Judge Stein applied the Owens-Illinois method of allocation, taking the time on the risk and the degree of risk assumed into account to determine the extent of damages attributable to each insurance policy, and noted that a fair allocation required application of several, but not joint and several, liability. Id. at 473, 479. Thus, the Judge concluded that "[a] portion of the indivisible loss occasioned by the plaintiff should be allocated to State Security and now to the Guarantee Fund, again, by the Owens-Illinois allocation of the risk on the basis of the time on the risk and the degree of the risk assumed." We note that, under the Owens-Illinois approach, an allocation of loss is also made against the property owner for periods in which no insurance is in effect. Owens-Illinois, supra, 138 N.J. at 479. Insurers are not required to contribute with respect to periods in which no policy is in effect.
The thrust of Owens-Illinois was to devise a fair method of allocation of the share of loss to be covered in continuous-trigger situations, not to make insurers guarantors of their predecessors or successors on the risk, nor to require them to pay for periods of non-insurance. Thus, Judge Stein correctly held that no other insurer may be assigned liability for the policy period, January 1, 1977 to October 28, 1977, in which State Security's policy was in effect.
As no other coverage duplicates or overlaps State Security's coverage, the Fund is required to pay the share which would have been allocated to the State Security policy, not exceeding the statutory $300,000 limit. N.J.S.A. 17:22-6.74a(1).
The motion Judge also concluded that the same reasoning applied to the Guaranty Fund's "set-off" argument. The Fund argues that the language of N.J.S.A. 17:22-6.79b, stating that "[a]n amount payable on a covered claim under [the New Jersey Surplus Lines Insurance Guaranty Fund Act] shall be reduced by the amount of recovery under any . . . insurance policy," requires that the recovery from the solvent insurers should off-set any recovery available from the Fund. The Fund further argues that it should not have to pay any amount to plaintiffs since they settled with the solvent carriers for an amount far in excess of the statutory $300,000 available from the Fund. We agree with the Judge that the "set-off" provisions of the statute apply only to situations in which there is overlapping coverage of a solvent and insolvent insurer during the same period of time.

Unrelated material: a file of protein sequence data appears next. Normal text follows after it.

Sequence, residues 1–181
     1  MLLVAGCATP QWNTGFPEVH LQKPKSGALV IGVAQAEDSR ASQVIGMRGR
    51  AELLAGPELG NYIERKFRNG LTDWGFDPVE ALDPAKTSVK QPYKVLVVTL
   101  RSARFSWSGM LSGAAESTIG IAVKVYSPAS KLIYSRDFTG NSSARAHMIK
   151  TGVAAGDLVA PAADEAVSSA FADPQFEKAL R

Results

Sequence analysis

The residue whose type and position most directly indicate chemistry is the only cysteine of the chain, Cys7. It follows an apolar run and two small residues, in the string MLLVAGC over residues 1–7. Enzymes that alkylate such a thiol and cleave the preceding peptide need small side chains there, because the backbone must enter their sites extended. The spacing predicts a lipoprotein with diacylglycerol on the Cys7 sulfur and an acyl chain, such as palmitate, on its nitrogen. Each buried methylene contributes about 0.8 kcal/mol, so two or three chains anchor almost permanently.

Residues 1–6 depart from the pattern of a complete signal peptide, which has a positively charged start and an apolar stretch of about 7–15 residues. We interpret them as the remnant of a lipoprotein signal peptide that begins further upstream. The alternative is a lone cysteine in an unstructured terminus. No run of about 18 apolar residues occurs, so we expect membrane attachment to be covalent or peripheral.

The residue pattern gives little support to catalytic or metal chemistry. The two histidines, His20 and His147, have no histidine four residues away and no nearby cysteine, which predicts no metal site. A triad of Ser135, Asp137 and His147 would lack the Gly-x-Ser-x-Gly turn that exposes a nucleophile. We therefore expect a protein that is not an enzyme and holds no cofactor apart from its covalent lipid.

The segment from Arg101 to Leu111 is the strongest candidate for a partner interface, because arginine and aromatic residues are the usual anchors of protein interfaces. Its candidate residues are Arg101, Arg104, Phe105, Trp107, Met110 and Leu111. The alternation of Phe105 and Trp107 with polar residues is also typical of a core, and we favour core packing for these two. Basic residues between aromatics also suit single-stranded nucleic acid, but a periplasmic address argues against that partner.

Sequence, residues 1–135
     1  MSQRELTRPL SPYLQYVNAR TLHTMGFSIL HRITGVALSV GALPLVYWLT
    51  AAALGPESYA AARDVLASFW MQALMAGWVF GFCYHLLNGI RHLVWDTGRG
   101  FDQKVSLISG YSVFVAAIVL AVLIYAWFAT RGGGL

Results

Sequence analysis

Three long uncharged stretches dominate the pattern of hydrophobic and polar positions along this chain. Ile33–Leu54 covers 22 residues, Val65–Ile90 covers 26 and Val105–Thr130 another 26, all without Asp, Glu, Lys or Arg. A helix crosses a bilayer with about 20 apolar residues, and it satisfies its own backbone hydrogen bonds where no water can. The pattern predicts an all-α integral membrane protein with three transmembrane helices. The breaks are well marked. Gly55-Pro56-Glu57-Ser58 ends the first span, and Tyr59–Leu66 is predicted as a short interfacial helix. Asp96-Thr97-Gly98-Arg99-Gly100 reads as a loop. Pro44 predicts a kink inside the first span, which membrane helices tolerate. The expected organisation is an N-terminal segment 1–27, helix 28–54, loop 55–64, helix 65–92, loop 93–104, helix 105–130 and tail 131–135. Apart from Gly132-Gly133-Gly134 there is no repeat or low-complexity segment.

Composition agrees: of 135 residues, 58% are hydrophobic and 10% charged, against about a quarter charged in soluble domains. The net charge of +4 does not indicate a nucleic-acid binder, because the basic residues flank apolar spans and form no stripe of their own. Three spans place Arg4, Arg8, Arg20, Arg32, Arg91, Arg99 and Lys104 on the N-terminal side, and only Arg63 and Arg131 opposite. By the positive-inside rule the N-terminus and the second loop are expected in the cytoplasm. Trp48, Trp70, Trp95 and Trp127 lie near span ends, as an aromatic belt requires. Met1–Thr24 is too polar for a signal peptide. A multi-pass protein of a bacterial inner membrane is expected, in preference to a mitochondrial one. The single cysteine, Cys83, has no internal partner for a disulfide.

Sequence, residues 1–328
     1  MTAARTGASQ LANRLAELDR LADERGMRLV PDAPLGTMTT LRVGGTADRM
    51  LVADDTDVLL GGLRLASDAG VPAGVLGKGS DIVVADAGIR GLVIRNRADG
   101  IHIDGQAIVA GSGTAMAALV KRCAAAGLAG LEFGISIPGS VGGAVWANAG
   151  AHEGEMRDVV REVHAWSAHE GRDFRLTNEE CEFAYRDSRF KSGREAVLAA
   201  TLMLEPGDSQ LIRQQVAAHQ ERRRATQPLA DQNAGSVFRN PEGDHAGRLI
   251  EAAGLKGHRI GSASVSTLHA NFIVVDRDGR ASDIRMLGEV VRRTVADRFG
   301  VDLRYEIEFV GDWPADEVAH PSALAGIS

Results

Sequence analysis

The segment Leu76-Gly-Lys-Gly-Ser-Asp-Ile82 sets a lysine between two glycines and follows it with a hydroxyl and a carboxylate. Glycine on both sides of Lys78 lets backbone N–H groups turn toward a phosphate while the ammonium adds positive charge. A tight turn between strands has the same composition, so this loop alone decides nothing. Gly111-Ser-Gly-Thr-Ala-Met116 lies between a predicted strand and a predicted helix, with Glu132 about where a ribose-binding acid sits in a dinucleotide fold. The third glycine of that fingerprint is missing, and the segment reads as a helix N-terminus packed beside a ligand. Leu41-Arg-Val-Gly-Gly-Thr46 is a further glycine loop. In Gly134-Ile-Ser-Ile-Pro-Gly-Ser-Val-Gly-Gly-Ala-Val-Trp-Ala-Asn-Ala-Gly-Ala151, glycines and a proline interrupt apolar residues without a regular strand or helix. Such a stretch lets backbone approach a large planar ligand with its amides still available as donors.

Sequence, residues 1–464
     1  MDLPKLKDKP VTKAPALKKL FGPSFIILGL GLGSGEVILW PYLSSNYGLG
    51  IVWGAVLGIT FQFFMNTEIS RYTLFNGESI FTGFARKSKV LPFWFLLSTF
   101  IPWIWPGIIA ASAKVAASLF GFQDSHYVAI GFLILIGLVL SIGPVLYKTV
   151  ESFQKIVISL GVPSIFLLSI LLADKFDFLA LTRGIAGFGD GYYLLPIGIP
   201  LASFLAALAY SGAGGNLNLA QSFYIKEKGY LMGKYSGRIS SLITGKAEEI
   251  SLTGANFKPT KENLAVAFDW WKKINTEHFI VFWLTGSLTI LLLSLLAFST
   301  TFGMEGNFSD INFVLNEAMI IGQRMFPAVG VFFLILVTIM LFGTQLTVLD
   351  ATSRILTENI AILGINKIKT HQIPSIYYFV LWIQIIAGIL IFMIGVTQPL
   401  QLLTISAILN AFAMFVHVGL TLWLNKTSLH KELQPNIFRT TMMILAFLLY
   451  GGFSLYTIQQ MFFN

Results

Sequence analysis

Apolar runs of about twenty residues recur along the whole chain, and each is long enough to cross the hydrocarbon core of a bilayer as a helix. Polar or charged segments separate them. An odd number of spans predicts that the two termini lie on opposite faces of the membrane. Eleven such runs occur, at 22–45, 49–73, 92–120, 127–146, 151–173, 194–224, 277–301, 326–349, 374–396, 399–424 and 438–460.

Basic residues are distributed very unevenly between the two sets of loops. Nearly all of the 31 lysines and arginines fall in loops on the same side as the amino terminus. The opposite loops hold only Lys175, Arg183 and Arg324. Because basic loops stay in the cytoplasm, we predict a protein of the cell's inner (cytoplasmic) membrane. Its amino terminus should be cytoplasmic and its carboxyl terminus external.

This approach best conforms with the concerns expressed in Owens-Illinois about increasing an insurer's liability beyond what the insurer contracted for, and with its emphasis upon the fairness of several, rather than joint and several liability. While the Court did not expect that its Owens-Illinois decision would be the final word on all allocations in the complex environmental liability insurance field *fn2, its holding is here apt. Compensating claimants and policyholders of insolvent insurers when there is no other insurance available for the relevant policy period is the reason for creation of the Fund. The stated purpose of the Guaranty Act "is to provide a mechanism for the payment of covered claims under certain insurance policies issued by eligible surplus lines insurers . . . and to avoid financial loss to claimants or policyholders because of the insolvency of an eligible, nonadmitted insurer." N.J.S.A. 17:22-6.71.
While an insured must exhaust all other applicable coverage available to it, no other coverage is here available for the period insured by State Security. The effect of the Fund's argument in this case is to create a separate statutorily unauthorized "fund" consisting of insurers who were not on the risk during State Security's nine-month period of coverage. We do not conceive that this was the purpose of the Owens-Illinois formula.
The inequity of the Fund's arguments becomes more clear if we postulate a scenario in which one insurance carrier that had become insolvent insured American Abrasive, not for nine months, but for nine years of the 1974-1985 period, and several solvent carriers insured only two of those eleven years. Nothing in Owens-Illinois suggests that it would be fair or proper to burden the solvent carriers with all eleven years of exposure. Indeed, the Owens-Illinois opinion, in an analogous hypothetical, suggests rejection of such an approach. See Owens-Illinois, supra, 138 N.J. at 473.
Under N.J.S.A. 17:22-6.74a(2), the New Jersey Surplus Lines Insurance Guaranty Fund shall "[b]e deemed the insurer to the extent of its obligation on the covered claims and to such extent shall have all rights, duties, and obligations of the insolvent insurer as if the insurer had not become insolvent." Identical language governs the New Jersey Property Liability Insurance Guaranty Association where admitted insurers have become insolvent. N.J.S.A. 17:30A-8a(2). We believe that the decision below conforms with these statutory directions.